What advice did he provide to us?  First is to focus spending on the classrooms and for districts to economize where they can; it will be difficult for legislators to challenge these efforts.  Rep. Aycock also suggested that districts need to continually challenge themselves to economize their operations.  A third main point of advice is to continue to build the public trust and involve the community in decisions and discussions about the direction of a district and public education in general.  Ultimately legislators and other elected officials are accountable to their constituents; do what you can to create trust and a positive public perception of the work being done in your local schools.

We have an opportunity over the next 10 months to articulate a powerful message to our elected officials.  Will it be easy?  Certainly not.  Will they be receptive to the message?  In many cases, they won’t but they likely will at least give you the opportunity to share your message with them; take advantage of that opportunity.  Finally, set a positive tone in your discussions with legislators.  They already hear a great deal of negative input from constituents.  Let’s do our part to send a positive, consistent message, a message that we are asking for their support to Make Education a Priority.

Tuesday, March 8, 2016

The Primaries are Over – Now What? (Part 1)

With the primaries now behind us and many races for House and Senate seats decided in the primaries, it’s time for public education advocates to get down to work.  We already know that there will be a renewed focus on vouchers in the 84th session, whether they are called vouchers or another name.  But the reality is that there is a push for privatization and moving dollars out of our public schools to other options. 

While I have written before about what I perceive as the fallacies in some of the arguments suggesting a need to look at options other than public schools, the bottom line is that we have to do what is best for the 5.3 million Texas public education students, 93% of whom are educated in our local public schools.  This suggests to me that there is room for private schools and charters but not at the expense of public education and, in the case of charter schools, not without transparency surrounding admission (and expulsion) policies and accountability for result in those schools.  Public dollars are being expended and it is right for us as taxpayers to demand the same transparency and accountability that we have in our public schools.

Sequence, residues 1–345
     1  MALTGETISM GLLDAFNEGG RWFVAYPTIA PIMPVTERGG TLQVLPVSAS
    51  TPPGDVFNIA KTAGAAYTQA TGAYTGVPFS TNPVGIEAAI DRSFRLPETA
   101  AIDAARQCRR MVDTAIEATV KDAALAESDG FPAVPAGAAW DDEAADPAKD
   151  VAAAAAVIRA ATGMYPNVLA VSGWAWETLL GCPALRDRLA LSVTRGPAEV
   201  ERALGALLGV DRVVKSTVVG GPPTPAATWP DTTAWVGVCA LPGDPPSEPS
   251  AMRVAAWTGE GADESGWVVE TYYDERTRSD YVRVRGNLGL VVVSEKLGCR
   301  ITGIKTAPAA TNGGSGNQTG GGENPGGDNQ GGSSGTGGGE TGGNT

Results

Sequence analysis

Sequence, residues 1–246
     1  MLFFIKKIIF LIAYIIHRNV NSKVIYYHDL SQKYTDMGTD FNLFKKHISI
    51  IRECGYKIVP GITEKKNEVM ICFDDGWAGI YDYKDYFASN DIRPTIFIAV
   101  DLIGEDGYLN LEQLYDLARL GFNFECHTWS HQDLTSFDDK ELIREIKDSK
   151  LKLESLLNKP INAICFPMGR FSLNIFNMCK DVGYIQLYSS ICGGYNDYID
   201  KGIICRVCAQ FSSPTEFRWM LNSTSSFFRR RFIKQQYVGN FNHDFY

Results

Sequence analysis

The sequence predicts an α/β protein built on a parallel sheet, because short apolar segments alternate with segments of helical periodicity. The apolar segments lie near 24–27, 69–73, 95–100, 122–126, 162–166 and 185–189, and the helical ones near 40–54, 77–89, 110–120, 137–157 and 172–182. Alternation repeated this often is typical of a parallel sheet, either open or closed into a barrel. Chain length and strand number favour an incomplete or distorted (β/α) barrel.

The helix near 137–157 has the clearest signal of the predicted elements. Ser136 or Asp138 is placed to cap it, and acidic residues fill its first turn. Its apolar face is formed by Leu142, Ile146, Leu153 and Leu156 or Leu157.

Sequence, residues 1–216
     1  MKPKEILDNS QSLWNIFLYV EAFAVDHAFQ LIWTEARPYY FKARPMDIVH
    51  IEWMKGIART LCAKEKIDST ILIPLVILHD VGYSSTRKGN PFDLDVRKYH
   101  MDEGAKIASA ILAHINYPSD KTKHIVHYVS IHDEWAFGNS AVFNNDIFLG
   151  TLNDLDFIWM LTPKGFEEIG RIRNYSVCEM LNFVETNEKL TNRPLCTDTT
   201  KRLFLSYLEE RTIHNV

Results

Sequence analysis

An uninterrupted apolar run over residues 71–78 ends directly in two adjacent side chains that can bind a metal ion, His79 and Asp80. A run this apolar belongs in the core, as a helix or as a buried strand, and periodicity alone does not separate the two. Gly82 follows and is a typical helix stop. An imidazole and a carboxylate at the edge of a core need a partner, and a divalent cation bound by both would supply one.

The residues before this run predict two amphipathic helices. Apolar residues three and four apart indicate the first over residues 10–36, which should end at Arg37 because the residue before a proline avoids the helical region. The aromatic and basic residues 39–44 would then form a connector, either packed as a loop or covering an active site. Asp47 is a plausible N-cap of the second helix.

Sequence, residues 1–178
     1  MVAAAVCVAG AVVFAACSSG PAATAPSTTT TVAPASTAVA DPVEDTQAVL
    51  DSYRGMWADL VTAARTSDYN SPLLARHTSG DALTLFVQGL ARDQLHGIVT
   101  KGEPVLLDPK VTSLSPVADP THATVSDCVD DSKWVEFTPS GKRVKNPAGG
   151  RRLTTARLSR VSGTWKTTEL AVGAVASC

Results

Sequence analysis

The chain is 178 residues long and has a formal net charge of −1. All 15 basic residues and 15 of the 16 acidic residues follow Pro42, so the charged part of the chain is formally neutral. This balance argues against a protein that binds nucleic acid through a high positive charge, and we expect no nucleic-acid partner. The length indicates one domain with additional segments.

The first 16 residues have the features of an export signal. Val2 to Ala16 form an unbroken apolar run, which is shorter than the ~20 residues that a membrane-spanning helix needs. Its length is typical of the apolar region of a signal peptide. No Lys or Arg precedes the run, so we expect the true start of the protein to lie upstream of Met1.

Back to the question at hand … Now that the primaries are over, what next?  First and foremost, we must continue our push to communicate with policymakers and they know our position on all things education.  There is a tremendous story to be told about the Texas public education product but the naysayers would have us believe that we have a plethora of failing public schools.  I don’t deny that there are areas where we have problems but those problems are not solved by running from the problem.  None of us were raised to run when faced with challenges; why do some think that is the right response to challenges in our system.

We have approximately 10 months until the 84th session convenes in January, 2017.  Incumbents, newly “elected” legislators via a primary vote where there is no opposition from the other party, and those who will be elected in May will have a great deal of work to do preparing for the next session.  As public education advocates, now is the time to reach out to your local officials, engage them in a discussion about public education and do your part to communicate the positive message about what we see every day in our public schools.

Education will be one of the main topics of the next session, along with health care and transportation, among others.  And depending on what happens with the price of oil, a factor that could potentially have a significant financial impact on the State, there will be strong posturing to convince legislators on how dollars should be allocated.  With a base of more than 7000 locally elected trustees, we have the opportunity, through advocacy with locally elected officials, to push to Make Education a Priority.

Thursday, March 3, 2016

How Well Is Texas Doing With Public Education?

One of my fellow board members of Make Education a Priority shared a report with me that evaluated schools across the country based on six different criteria and then assigned an overall grade for public education in each state.  The report, published by the Network for Public Education (NPE), an organization founded by Diane Ravitch, can be found by clicking here